We also emphasize that the collider constraint is not sensitive to varying gD as long as
, which ensures the invisible decay of K~ dominates. Hence, the collider constraints
gure 6 and gure 7 and gure 9 are essentially unchanged, since changing gD from e
to 0:01 does not signi cantly change the invisible branching fraction, except for the trade
o between inclusive K~ decays and invisible K~ decays around mK
mZ~. On the other
hand, the direct detection and indirect detection rates scale with gD2, and thus collider
searches will have better sensitivity for small gD.
gure 9, we see that the prospective collider limits, corresponding to the radiative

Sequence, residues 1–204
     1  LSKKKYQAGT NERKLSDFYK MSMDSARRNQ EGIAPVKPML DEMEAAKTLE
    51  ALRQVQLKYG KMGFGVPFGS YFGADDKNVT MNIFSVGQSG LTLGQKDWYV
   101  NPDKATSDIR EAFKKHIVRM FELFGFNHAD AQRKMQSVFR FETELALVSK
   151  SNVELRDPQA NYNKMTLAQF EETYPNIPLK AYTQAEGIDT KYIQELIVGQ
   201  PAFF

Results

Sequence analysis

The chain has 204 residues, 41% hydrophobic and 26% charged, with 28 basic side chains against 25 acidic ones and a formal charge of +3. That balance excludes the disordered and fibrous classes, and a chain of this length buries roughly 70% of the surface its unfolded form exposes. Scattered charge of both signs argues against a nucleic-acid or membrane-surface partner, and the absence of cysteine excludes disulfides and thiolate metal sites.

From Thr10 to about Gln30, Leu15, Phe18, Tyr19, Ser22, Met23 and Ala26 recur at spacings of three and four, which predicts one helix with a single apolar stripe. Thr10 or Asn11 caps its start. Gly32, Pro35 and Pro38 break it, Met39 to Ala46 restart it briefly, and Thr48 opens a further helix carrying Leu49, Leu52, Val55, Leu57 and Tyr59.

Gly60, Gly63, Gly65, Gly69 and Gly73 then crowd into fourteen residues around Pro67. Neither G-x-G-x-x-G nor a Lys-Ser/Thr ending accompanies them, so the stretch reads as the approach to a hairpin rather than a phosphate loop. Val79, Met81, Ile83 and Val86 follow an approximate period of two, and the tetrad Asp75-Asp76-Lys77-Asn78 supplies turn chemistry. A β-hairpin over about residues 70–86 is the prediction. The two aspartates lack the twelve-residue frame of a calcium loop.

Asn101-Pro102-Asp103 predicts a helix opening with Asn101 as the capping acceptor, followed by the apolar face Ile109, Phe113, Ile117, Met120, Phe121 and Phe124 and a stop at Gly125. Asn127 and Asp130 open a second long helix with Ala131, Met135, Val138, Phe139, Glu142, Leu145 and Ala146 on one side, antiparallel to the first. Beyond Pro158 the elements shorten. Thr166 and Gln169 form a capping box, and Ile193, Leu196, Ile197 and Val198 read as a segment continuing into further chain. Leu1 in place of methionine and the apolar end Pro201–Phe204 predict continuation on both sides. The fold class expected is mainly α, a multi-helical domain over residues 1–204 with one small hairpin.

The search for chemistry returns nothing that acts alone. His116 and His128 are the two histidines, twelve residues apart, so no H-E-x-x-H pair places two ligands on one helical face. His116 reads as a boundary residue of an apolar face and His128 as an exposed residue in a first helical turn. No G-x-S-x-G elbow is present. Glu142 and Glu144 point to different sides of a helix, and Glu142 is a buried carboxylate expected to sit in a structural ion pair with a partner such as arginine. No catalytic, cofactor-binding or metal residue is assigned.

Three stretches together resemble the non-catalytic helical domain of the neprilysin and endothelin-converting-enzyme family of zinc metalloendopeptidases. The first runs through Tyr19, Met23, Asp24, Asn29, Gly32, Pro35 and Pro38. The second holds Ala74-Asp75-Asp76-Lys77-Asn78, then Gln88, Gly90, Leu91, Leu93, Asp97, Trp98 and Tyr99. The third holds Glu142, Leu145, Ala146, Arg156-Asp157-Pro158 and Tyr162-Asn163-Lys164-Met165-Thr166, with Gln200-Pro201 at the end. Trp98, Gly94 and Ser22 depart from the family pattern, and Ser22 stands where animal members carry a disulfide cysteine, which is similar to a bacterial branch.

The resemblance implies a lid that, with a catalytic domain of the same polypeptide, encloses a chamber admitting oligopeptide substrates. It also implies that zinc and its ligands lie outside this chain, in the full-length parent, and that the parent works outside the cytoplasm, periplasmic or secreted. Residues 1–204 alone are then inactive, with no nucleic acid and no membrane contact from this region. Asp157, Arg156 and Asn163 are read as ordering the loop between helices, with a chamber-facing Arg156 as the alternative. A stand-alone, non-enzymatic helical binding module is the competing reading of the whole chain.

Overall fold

return process e+e
! A~K~ , are expected to overtake the current bounds from direct
detection and indirect detection experiments. In the case where dark matter mass is light,
than the current limits, especially in the high mass region, and hence out of the reach of
next generation 1-ton scale direct detection experiments. For dark matter close to half
the mediator mass, m
o ers an attractive target parameter space for experimental probes. The projected e+e
sensitivity exceeds the current experimental sensitivity around mK
10 GeV and mK >
100 GeV, and while improvements in the dark matter experiments will also challenge the
open parameter space for mK
10 GeV, the striking sensitivity of e+e
radiative return
processes for mK > 100 GeV is expected to be unmatched. Thus, results from a future
collider will both complement and supersede the reach from dark matter searches,
stemming from its ability to produce directly the mediators of dark matter interactions.
Conclusion
We have presented a comprehensive discussion of the phenomenology of the Double Dark